Whether it’s product quality, reducing production downtime or helping your staff work better, energy efficiency improvements to equipment and processes can often boost your overall productivity, too. Here are just a few ways energy efficiency translates into a better business proposition – and cost savings beyond the electricity bill.
Using less energy often means your equipment doesn’t have to work as hard, which reduces overall wear and tear. Equipment will last longer, so you can get more out of your capital investments before you need to replace them.
For example, adding controls to equipment can vastly reduce their “on” times so the equipment is only used when it is needed. Chesswood Arena in Toronto did just this by adding controls to the refrigeration pumps it uses to maintain ice surfaces. Now, the equipment is only operated when conditions require it, taking it from running 24 hours a day to just 12 to 16 hours a day. The ice can still be at its coldest for game time, but can be maintained at a warmer temperature during off-hours.
It’s simple. Less wear and tear means less maintenance, and that means less downtime. This is especially true for motor-driven pumps and equipment. “In that case, efficiency directly relates to reliability,” says energy consultant Stephen Dixon.
He points to one example of a municipality that suffered a refrigeration failure at its local arena because of an aging compressor that was operating beyond its service life – ahead of a major international hockey tournament. “New equipment would have been significantly more efficient and would be far less likely to fail a week before such an important event,” Dixon says.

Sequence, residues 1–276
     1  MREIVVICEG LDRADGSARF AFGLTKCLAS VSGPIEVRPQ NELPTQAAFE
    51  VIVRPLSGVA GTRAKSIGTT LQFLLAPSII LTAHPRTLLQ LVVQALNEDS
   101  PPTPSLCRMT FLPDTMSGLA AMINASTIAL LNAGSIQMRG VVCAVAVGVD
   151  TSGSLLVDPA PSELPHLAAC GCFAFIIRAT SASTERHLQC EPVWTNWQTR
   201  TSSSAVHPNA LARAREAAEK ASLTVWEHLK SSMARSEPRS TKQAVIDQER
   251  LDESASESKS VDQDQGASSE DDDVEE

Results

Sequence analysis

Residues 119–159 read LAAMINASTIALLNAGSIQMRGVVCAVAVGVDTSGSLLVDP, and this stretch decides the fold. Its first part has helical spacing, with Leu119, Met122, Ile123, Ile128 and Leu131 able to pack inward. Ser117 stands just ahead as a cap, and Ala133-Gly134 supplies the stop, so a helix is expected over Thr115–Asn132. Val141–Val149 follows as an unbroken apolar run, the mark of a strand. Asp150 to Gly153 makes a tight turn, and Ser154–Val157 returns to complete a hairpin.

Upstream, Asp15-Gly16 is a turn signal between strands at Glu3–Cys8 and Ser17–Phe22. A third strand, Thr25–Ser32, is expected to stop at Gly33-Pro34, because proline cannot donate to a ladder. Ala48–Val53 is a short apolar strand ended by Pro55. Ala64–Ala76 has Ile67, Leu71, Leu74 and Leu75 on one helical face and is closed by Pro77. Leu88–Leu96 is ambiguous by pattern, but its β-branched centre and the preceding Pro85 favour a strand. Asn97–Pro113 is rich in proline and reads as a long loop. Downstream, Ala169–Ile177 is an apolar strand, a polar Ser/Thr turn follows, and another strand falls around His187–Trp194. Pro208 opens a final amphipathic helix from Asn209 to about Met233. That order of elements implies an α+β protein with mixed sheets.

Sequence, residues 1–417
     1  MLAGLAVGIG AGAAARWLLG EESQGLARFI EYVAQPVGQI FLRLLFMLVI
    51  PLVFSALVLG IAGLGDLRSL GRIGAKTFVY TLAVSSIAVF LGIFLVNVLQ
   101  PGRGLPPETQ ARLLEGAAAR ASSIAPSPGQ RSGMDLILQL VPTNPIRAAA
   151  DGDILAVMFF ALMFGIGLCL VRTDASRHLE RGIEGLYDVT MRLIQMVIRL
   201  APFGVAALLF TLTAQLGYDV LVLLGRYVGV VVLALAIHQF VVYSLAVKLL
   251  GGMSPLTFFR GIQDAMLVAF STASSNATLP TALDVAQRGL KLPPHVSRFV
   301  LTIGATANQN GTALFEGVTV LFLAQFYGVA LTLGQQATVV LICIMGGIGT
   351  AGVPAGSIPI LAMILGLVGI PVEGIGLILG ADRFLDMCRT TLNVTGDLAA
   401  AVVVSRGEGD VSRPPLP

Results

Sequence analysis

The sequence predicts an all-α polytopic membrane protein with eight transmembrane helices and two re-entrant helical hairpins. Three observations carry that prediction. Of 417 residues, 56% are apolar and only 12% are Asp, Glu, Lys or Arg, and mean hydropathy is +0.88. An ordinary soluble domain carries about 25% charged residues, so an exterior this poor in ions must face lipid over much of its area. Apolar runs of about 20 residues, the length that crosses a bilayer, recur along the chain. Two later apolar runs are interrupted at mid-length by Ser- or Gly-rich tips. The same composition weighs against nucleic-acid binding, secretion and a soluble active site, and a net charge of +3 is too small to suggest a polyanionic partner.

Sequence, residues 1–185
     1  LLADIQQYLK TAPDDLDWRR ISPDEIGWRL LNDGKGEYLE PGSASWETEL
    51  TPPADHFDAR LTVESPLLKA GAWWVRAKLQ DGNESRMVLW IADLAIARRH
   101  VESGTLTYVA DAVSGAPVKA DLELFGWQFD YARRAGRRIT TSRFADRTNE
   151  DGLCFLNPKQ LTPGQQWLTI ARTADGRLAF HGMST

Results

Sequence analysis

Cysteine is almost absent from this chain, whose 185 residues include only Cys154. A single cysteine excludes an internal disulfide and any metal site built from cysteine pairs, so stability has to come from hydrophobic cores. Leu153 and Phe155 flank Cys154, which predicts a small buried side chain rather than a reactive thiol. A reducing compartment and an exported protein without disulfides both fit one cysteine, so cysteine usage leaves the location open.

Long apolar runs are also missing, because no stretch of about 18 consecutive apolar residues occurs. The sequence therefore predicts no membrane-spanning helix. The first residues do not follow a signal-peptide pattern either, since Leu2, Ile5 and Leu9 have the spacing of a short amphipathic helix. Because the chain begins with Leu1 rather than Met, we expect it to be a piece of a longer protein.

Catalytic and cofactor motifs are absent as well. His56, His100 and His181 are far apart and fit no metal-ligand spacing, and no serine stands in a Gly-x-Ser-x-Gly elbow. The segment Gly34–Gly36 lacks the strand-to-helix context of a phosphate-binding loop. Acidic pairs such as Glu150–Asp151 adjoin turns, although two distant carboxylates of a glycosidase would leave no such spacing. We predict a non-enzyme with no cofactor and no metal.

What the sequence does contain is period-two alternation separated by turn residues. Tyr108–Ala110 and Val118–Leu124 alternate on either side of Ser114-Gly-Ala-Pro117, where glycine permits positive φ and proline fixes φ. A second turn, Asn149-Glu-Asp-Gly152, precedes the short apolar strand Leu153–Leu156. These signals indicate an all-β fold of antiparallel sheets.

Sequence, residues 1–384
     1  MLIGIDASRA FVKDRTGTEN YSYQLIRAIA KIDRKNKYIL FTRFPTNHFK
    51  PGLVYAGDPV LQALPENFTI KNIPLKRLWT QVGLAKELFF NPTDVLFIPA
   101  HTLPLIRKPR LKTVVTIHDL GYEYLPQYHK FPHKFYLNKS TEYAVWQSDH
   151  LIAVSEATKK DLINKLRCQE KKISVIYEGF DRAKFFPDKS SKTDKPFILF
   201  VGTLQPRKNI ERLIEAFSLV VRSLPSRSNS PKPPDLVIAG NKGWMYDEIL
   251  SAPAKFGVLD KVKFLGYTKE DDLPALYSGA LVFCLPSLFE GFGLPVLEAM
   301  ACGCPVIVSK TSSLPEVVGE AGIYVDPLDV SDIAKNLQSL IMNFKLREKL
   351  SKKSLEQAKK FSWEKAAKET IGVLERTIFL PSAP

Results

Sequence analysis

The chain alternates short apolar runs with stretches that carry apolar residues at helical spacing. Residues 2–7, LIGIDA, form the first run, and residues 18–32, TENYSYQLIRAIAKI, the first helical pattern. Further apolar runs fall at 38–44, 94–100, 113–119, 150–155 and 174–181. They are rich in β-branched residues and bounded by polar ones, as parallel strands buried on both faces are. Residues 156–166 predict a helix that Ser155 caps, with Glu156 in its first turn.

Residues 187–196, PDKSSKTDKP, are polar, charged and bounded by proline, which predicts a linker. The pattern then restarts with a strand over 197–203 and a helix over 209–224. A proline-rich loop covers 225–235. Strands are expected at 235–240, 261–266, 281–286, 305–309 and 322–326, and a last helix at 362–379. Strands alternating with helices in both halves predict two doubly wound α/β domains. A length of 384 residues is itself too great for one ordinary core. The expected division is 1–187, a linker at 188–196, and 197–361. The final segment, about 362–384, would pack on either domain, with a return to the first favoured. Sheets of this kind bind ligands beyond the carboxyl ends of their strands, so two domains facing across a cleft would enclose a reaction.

Even energy-efficient LED lighting can reduce downtime. Traditional lighting systems often take time to warm up before production can begin. Lear Corporation’s facility in Ajax switched out its T8 fluorescents to LEDs with great results. “The new bulbs are great because they turn on instantly,” says Luke Carson, the facility’s engineering manager. “Before, any time we needed to restart the plant, we’d have to wait for the lights to warm up for five to 10 minutes. That was a frustrating and costly delay to our operation. But now the lights turn on instantly, with no delay.”
At Ropak Packaging in Oakville, the problem of slow ramp-up times for lighting was particularly acute. Most of the facility was lit by inefficient and high-cost lights that were never turned off, since they took too long to come back on. “We were basically waiting in the dark for them to start back up again and get back to work, so we just started leaving them on,” says Don DiFlorio, a project manager at Ropak.
Upgrading lighting to longer-lasting LEDs also means staff can spend less time on maintenance.
Whenever you do need to upgrade equipment, be sure to choose the most energy-efficient model possible, and you’ll find that planned and unplanned maintenance times will vastly improve.
If your employees are more comfortable, they’ll be more productive – and whether it’s through improving air circulation, lighting or temperature, energy-saving improvements can make a difference to comfort levels, too.
“We upgraded the building HVAC and lighting systems thinking it would help manage our consumption, and it did,” says Scott Doyle, an energy coordinator who worked to upgrade 3M’s London facility. “But we also found that with those upgrades, employee comfort levels improved significantly. Productivity goes hand in hand with energy efficiency.”
Energy-efficient equipment is also often quieter, since it uses less energy to run. And less noise allows employees to concentrate more. Better lighting, on the other hand, can improve accuracy and quality control.
LEGACY, a logistics solutions provider, installed new lights at its facility in Caledon and saw immediate results. “One of the advantages is the great lighting environment compared to metal halides, which tend to dim and flicker,” says Rob Bowers, a business analyst at LEGACY. “These new lights have really increased our ability to see a lot better throughout the building.”
Whatever your organization’s priorities, factoring energy efficiency into your budget and processes is sure to lead to results beyond cost savings alone. There’s no better time to start than now.